[The Fall semester is just around the corner, so this week I’ll preview some of the courses and plans for which I’m excited as a new semester gets underway. I’d love to hear your own upcoming courses, plans, work, or whatever else has you excited for Fall 2016!]
One thread I’m definitely adding to a new undergrad seminar, and one I’m wondering about.
When I started designing an English Studies Senior Seminar on Analyzing 21st Century America (our department’s Senior Seminar rotates between all our faculty and focuses on a new topic each time it does so), I knew I wanted to include and modify a number of aspects of last summer’s hybrid grad course on the same subject: the overall interdisciplinary methodology, including short stories from a contemporary Best Of anthology complemented by readings from a variety of other disciplines; collections of online materials grouped around key 2016 themes like climate change and cultural appropriation; and student presentations on TV shows and films that portray and engage with our moment in one way or another. All of these will look different in both an undergrad course and a semester-long in-person one than they did in a hybrid summer graduate course, but hopefully all will continue to work as well as they did last summer and will help us talk about the complex topic that is our 21st century nation and world.
One of the key differences with a semester-long course as compared to a five-week one, however, is that we have room for many more readings, and indeed for books as well as short stories and online materials (to be clear, our grad students can handle multiple books in a summer course, but I opted for lots of shorter readings instead). I considered a few different options for how to select those longer readings for the seminar, but as the year unfolded felt more and more certain that it made sense to group them around an inescapable 2016 theme: #BlackLivesMatter. We’ll be reading four texts that all connect to that movement and issue yet offer a variety of disciplines and forms that will hopefully keep our conversations evolving and fresh: two creative literary works, Chimamanda Ngozi Adichie’s novel Americanah and Claudia Rankine’s poem Citizen: An American Lyric; and two works of nonfiction, Michelle Alexander’s The New Jim Crow and Ta-Nehisi Coates’ Between the World and Me. I also hope to bring in excerpts from many other writers and works, from Jelani Cobb to Jesmyn Ward, Fruitvale Station to Blackish, and more. I fully expect that these conversations will get testy and heated at times, as they should and must—but also that every student, and their teacher, will gain a great deal from each and every reading and conversation on this key topic.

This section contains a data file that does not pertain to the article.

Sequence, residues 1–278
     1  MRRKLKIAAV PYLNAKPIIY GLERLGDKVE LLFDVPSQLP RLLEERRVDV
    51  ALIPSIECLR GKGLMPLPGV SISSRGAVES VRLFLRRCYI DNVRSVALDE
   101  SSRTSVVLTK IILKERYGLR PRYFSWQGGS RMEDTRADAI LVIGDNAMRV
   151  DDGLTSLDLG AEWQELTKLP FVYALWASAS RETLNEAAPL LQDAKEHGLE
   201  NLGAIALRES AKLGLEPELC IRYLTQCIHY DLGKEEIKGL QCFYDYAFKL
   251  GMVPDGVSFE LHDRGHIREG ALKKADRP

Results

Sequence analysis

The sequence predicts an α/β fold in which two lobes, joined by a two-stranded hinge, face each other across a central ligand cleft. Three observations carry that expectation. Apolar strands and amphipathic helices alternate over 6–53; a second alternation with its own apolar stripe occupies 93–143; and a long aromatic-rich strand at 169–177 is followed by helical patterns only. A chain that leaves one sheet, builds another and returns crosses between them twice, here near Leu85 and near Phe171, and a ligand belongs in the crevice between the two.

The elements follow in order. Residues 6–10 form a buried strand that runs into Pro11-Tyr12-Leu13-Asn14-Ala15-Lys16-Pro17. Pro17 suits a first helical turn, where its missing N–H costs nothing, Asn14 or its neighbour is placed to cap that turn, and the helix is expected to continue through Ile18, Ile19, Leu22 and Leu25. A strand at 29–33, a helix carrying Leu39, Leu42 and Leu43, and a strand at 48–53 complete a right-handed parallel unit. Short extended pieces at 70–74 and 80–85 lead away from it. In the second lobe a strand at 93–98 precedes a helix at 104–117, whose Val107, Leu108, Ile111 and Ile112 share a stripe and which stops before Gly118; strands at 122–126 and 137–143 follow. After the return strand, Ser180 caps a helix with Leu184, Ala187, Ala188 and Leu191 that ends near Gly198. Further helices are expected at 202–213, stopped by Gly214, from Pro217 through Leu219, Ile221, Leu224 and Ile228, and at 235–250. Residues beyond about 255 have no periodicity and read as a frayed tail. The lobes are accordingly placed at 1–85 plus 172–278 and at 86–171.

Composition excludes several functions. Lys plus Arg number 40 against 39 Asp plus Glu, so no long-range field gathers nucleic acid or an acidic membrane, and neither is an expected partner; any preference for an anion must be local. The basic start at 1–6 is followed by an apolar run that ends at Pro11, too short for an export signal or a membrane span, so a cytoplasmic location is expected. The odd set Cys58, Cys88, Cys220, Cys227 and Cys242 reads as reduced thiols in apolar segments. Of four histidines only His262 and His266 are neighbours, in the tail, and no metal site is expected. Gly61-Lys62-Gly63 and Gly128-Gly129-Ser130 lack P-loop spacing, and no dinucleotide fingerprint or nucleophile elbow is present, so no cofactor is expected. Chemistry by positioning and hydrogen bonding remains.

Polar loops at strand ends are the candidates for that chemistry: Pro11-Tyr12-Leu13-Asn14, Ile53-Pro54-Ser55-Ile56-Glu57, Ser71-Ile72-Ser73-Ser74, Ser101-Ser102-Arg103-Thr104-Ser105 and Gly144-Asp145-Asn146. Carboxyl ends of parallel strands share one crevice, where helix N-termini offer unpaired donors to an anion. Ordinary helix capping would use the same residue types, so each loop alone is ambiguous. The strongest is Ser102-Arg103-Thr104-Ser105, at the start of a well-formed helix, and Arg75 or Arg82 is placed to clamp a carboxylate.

Speaking of key topics and heated conversations, though—I knew when I proposed a seminar on this topic that the presidential election would come to its culmination during the semester, but I have to admit that I didn’t quite think through whether and how to make it part of our class. Of course many of our topics are inherently political, and will require us to talk about contemporary debates and divergent perspectives and the like; yet that’s still not the same (it seems to me) as talking overtly about Trump and Clinton, and about (for example) my own increasingly strong feelings on that choice and election. As I’ve discussed before in this space, my perspective on politics in the classroom is an evolving one, yet I remain convinced that my job is centrally about helping students develop their own voices and perspectives, not sharing mine with them. I haven’t figured out whether and how I can directly bring up and bring into our class the election without doing more of the latter than I’m comfortable with—but I know that’s an inescapable question with which to grapple in a course like this, and I’d very much appreciate any thoughts and tips you might have!
Next preview tomorrow,
PS. Thoughts on this course? Other previews or plans you’d share?
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